Prior to hearing that Musket was putting on the show, I had no idea Legally Blonde was a musical. I knew the story from the 2001 movie starring Reese Witherspoon—which I have really enjoyed in the past. During the show, it was fun to compare the plot and scenes with ones in the movie. I was curious which one came first, so I did a quick search and found out that the movie was produced first. This mak es the screenwriter’s and director’s artistic choices in the musical even more interesting. Fun fact, Legally Blonde was originally a book by Amanda Brown. The title is a play on the words “legally blind” and “legally bound”—because, you know, Elle is blinded by her binding love for Warner—Ha.
For the most part, the musical followed the plot of the movie. There were, however, some noteworthy differences. A lot of the scenes were squished or condensed together in the interest of time—such as when Elle and Paulette conversed in the salon and when Vivian invited Elle to the ‘costume’ party.
There were other elements that were unique to the musical as well. Such as Paulette’s fascination with dating an Irish man, which I thought was kind of random. So was the song “There! Right There!” which was about determining if Enrique (the pool boy cross examined in court) was gay or European. Additionally, there was another scene where Elle took the people in the court to a bathroom to present her evidence against Chutney, which was bizarre, outrageous, and almost satirical. Because of these reasons, I thought the musical was much more dramatic and over-the-top than the movie.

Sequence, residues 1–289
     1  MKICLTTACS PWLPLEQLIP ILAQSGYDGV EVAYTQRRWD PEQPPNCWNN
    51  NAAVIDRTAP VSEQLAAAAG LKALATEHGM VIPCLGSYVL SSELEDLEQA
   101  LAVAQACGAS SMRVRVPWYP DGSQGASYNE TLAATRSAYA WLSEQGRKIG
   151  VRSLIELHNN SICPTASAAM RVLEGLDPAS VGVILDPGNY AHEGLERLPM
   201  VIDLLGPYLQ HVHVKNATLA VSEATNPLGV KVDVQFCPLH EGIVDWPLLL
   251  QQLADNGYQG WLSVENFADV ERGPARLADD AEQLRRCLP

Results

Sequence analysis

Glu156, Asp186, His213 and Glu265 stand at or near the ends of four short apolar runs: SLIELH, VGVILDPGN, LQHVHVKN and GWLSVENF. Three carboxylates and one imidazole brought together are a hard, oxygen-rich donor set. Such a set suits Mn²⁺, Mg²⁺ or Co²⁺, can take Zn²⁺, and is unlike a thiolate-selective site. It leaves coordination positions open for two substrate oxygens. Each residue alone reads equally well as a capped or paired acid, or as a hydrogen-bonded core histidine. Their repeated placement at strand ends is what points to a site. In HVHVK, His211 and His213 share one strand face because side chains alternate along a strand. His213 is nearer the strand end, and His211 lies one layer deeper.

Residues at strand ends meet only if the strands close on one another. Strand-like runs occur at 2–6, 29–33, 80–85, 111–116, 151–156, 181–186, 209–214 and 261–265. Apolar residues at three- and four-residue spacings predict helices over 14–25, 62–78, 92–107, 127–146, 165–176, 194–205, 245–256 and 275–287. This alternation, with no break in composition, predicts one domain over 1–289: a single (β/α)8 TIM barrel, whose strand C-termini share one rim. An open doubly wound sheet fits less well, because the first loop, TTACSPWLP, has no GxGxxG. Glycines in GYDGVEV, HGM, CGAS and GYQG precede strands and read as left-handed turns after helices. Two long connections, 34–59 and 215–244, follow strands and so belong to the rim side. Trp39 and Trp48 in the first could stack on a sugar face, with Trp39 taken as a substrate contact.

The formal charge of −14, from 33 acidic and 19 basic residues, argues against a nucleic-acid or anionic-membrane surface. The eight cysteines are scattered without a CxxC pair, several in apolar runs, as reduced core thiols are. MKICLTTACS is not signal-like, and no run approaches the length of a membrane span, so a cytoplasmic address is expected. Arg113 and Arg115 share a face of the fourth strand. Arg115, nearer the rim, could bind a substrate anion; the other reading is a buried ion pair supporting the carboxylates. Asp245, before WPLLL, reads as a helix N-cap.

I also noticed that Emmett had a much larger role. The storyline focused more on him and Elle falling in love, rather than Elle fighting to get Warner back. There was an entire scene dedicated to Elle taking Emmett shopping and giving him a makeover. In my opinion, it was a weird scene to add, considering that the “makeover” has become a cliche in rom-coms.
Anyway, my most anticipated moment was the bend-and-snap scene. And I wasn’t disappointed. It was infused with humor and amazing choreography. Once Paulette learned how to do the bend-and-snap, a group of boys suddenly appeared and responded to her movement. Their synchronicity with Paulette was delightful to watch. When the scene finally ended, it concluded with a bang: Paulette broke Kyle’s (the UPS guy’s) nose. Kyle fell dramatically and the audience roared with laughter.
Another scene I also really enjoyed was Brooke’s exercise routine/jump-rope choreography. The sequence was so creative. I was blown away by the actors’ athleticism; they basically danced and jump-roped at the same time. I have never seen anything like it.
And of course, I must comment on how much I appreciated having real dogs starring in the show. Reggie the campus corgi appeared, and the audience exploded in cheers and applause which was really funny. Bruiser Woods, the Chihuahua, was also adorable. I awwwed every time he appeared on stage. I was so impressed by how well both dogs behaved. If I was a dog (which is a weird thing to think about), I would have freaked out at the bright lights and loud noises.
You can checkout behind the scenes videos on Musket’s Facebook page, under “videos.”